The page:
In New York, since many bodegas have salad counters with pre-chopped, fresh ingredients, the salad bowl is omnipresent but distributed according to a strict geographical hierarchy. The big salad chains—disseminators and defenders of the corporate salad—are clustered in Manhattan, whereas bodegas occupy the periphery. In other big cities across the country, the story is different, and the diffusion of the corporate salad is much wider: Sweetgreen, the most ambitious of the chains and the only one to list as a public company, recently opened a “pull-through” branch in the northwestern Chicago suburb of Schaumburg, complete with a drive-through “sweetlane” for order pickup. The Schaumburg Sweetgreen, a flat-roofed box with ample natural light painted in neutral creams and grays, hews to the design template of the modern fast-casual strip mall restaurant. The pandemic has caused not a retrenchment of salad culture but its intensification; blurred boundaries between domicile and office have opened up new space for “eating with purpose,” securing the branded salad’s entry into the home. The corporate salad is becoming fully suburbanized, colonizing the territory once controlled by the more humble deli salad, and there’s no reason to think this expansion will slow. Sweetgreen, whose CFO said in August 2022 that its new businesses would be “over 85 perfect suburban,” has plans to expand to one thousand locations across the country by the end of the decade, from just under two hundred today. For new developments, the salad chain is close to the ideal tenant, a clearinghouse for healthy bodies and the greens that fuel them with a proven record of market approval.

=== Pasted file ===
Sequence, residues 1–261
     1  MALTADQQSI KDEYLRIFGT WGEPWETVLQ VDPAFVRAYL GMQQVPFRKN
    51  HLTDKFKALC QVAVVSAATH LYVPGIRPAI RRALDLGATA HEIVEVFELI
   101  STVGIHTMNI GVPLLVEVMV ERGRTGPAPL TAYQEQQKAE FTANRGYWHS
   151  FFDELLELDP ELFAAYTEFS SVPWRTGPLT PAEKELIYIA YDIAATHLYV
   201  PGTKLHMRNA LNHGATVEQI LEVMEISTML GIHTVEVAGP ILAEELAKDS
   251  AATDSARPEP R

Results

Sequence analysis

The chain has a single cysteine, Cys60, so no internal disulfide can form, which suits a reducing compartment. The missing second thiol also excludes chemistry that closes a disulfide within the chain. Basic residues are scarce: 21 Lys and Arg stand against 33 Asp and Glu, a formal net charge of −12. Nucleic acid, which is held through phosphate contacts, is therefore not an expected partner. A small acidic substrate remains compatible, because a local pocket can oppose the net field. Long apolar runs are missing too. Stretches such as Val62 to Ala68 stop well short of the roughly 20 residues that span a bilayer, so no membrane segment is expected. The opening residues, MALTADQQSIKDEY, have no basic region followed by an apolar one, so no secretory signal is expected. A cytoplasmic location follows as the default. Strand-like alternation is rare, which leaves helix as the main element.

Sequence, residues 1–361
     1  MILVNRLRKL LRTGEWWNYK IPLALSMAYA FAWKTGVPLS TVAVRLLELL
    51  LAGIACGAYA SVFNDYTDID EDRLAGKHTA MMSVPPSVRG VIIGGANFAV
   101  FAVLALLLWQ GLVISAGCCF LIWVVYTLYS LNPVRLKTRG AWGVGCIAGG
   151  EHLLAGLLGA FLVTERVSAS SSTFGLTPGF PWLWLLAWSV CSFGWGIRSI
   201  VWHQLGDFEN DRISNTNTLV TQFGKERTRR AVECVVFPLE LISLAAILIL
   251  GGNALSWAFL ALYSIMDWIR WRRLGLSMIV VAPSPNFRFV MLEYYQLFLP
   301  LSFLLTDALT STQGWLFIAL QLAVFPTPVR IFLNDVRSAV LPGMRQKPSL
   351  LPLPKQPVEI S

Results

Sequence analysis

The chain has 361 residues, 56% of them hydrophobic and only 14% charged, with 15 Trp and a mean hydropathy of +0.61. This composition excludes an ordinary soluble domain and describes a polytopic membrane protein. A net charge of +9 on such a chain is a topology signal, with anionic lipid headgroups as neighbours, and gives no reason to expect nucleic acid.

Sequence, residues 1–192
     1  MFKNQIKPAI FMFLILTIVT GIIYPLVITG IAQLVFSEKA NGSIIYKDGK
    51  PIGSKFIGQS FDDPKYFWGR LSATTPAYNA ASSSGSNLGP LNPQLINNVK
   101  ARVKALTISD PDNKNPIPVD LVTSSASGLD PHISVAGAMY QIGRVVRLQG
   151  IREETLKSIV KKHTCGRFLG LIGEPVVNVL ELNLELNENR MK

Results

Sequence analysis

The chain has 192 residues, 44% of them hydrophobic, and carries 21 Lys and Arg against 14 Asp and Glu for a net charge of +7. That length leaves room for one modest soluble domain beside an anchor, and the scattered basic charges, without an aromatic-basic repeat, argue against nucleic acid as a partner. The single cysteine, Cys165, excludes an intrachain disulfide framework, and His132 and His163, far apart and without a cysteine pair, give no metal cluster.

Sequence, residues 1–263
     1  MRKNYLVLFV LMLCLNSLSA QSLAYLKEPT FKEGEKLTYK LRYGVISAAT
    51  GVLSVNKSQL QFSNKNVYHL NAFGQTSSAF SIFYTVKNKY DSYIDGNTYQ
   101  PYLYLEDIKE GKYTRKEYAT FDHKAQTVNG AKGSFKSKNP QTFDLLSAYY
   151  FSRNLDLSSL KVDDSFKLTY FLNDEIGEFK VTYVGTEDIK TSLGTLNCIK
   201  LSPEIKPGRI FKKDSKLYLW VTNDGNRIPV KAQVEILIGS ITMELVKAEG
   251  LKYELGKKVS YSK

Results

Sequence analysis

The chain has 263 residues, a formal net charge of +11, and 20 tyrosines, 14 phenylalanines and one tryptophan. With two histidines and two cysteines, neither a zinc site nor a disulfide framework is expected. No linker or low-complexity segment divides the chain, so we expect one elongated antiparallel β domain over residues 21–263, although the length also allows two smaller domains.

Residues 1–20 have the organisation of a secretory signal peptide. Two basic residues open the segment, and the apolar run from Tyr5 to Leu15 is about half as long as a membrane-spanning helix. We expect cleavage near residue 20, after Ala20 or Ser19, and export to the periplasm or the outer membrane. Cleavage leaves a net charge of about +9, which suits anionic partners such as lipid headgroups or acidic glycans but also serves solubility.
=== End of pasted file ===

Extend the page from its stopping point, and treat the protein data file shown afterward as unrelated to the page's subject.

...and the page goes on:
Already America is one nation under the green goddess. In years to come its cities will be encircled in salad chains, imprisoned in the name of health. The airy hangar slinging Feisty Fiesta bowls will be as ubiquitous as the neighborhood bank, another developmental weapon to sterilize the old salmagundi of urban life.
Historically, the salad is a dish of astonishing variety. Though the Ancient Greeks and Romans enjoyed raw vegetables dressed in vinegar, oil, and herbs, the salad—or the European idea of it, which still guides our global understanding of the dish today—did not really enter the lexicon of European cookery until the Renaissance. The earliest use of the French word salade, drawn from a vulgar derivative of the Latin sal, meaning salt, dates from the fourteenth century, but the salad—as a combination of raw vegetables with some kind of dressing—seems to have become a fad in western Europe by the late Middle Ages. Written around 1390, the recipe collection The Forme of Cury contains the earliest reference to salad in English; Thomas Elyot’s The Castel of Helth, an influential treatise on medicine and nutrition published in 1541, recommended that “yonge men. . . shell eate . . . salades of cold herbes.” From there, the salad’s rise, like the global expansion of variations on its basic form, has continued largely uninterrupted.
The salad appears to have emerged from the pandemic stronger than ever, a dominant culinary form for a nation freshly reminded of the shifting environmental and health risks that a leafy diet can help repel.